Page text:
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When to close a Sprint, before or after QA

Nichole Latessa Jun 14, 2017

My Scrum Master feels its the best practise to close a Sprint when QA testing is not compete-  she does this for upper managment reporting politics- she will Clone the remaining tickets that are still needing QA sign off and add them to a different project.  I told her I don't agree with this method, we shouldn't be cloning tickets just to  close a sprint so her burn chart numbers look good.  The tickets that have not been signed off for QA, after the sprint cycle is done, should be moved to the next sprint. Has anyone been in this predictment  before, if so how did you solve it?  Is there a way in Jira to have multiple sprints opened for the same project? We do not have our sprints set up to where coding is done in the current sprint, testing in the previous sprint, and analysis in the future sprint, due to aggressive project deadlines.
I was able to convince her to keep the sprint opened (till the sprint cycle ends) till QA finishes their testing, anything that is not complete can be rolled over into the next sprint and all remaining tickets that need to be verified by UAT can be moved/cloned to another project, till we can push them to production-

4 answers

2 votes
Steve Schiff Jun 14, 2017

My view is that stories are not completed until testing is complete, if you have testers working with developers continuously. One way of doing this is to have developers resolve stories that they have completed, and create a "pending QA column" that the resolved stories are moved to. If QA finds that the story has an issue, they can comment and put back into pending development. Once QA clears a story, they mark it closed.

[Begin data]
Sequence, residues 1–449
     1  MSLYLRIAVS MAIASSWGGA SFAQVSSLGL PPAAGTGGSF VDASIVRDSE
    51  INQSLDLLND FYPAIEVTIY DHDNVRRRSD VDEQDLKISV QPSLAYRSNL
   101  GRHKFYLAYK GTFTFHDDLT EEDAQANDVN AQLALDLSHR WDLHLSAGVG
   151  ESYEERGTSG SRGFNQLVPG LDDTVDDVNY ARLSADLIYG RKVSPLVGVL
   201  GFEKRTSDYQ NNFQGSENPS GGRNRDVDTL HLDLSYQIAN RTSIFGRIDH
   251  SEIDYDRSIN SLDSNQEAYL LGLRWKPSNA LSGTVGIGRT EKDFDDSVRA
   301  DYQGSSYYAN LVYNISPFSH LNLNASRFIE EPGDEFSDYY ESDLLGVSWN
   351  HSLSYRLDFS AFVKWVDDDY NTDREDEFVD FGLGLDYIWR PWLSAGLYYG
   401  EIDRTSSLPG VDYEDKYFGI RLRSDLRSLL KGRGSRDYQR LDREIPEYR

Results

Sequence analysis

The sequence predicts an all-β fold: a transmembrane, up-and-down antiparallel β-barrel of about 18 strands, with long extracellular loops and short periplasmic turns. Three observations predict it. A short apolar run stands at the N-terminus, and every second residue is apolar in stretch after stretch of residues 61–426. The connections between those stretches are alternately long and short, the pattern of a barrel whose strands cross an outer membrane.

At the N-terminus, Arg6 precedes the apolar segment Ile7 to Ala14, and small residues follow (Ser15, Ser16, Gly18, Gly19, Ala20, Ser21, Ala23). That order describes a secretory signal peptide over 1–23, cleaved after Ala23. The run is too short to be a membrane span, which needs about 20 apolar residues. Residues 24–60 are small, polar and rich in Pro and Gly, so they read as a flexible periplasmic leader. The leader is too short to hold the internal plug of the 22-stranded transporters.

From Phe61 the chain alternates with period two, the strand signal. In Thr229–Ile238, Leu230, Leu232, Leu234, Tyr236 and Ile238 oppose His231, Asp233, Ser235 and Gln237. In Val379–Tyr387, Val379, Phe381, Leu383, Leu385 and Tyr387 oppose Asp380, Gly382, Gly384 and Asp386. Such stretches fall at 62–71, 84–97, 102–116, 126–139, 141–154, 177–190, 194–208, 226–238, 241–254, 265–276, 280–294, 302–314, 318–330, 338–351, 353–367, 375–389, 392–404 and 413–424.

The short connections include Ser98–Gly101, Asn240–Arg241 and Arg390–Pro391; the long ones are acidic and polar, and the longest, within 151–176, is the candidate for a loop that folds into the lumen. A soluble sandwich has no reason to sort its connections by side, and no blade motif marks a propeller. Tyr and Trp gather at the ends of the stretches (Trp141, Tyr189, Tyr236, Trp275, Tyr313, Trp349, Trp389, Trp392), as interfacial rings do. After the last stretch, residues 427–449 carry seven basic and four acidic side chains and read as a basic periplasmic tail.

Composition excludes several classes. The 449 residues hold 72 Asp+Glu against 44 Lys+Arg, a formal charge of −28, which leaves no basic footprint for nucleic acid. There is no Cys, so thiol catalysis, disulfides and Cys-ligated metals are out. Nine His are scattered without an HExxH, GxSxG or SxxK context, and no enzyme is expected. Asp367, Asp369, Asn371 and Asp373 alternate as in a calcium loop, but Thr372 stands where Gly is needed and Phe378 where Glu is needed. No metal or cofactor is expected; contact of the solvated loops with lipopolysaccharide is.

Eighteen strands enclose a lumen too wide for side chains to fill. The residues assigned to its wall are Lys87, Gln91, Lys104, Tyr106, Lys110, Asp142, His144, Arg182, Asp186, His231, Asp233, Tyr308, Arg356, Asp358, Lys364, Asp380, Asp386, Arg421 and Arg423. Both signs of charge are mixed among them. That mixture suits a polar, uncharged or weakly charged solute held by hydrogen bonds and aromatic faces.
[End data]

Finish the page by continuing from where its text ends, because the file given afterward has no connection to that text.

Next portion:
Resolved but untested stories are carried over to the next sprint. 

In this model, development and QA are both on the hook for velocity. 

2 votes
Shannon McRae Jun 14, 2017

I definitely agree with keeping your sprint open until AFTER the QA work has been completed.  One argument I have used in the past for this is, what if the QA work finds a bug or a problem that needs to be reworked? if the story is still open you can do it as part of that original story.  Make an additional subtask for the issue found by QA and do it immediately.  If an issue is found after the sprint and story are already closed, it means that a new bug report needs to be filed and scheduled and pointed for another sprint.  In the case of my current company, that also means a 2nd deploy schedule which takes extra time.  The sooner you find an issue in the developement lifecycle, the better.  It saves time and money.  I hope that helps!

0 votes
Nic Brough [Adaptavist] Community Leader Jun 14, 2017

For the case you describe, considering QA to be part of the sprint is by far the best option.  Don't clone or move on, your QA should feed back quickly and enable you to deliver rapidly, as it's part of your sprint.

It's not always, there are times when it doesn't work (when QA is completely separated from Dev for example, but that's not a great idea in itself anyway).

As for the details of why, Shannon and Steve have covered everything I wanted to say about it.

0 votes
Jindřich Löffler Aug 28, 2018

Feature that is not tested should not be considered as a "complete" so it should moved to the next sprint.

For me it seems that time for develop a feature that has to be tested tooks almost whole sprint, so that you can´t make it to be tested to end of sprint.  This happens often in agile testing.

It clould help if you Scrum Master plan development activities (implement features) for the first half of sprint so testes will have second half for testing and developers for fixing bugs and in free time analyze and planning of features (grooming) for the next sprint.  Testers in first part of sprint could prepare tests for upcoming feature implementation and consult testability, preprare test data etc..

So sprints will divide into 2 phases (Test Analysis + Implement features | Testing + Feature analysis, bugfixing)

Shannon McRae Aug 28, 2018

I would definitely avoid formally splitting your sprints like this.  The testers and the developers should be able to work closely together on a story by story basis through out the entire sprint, not just the first and second half.  When you split it up you're implementing tiny waterfalls. 

Like Mark Schmick likes this

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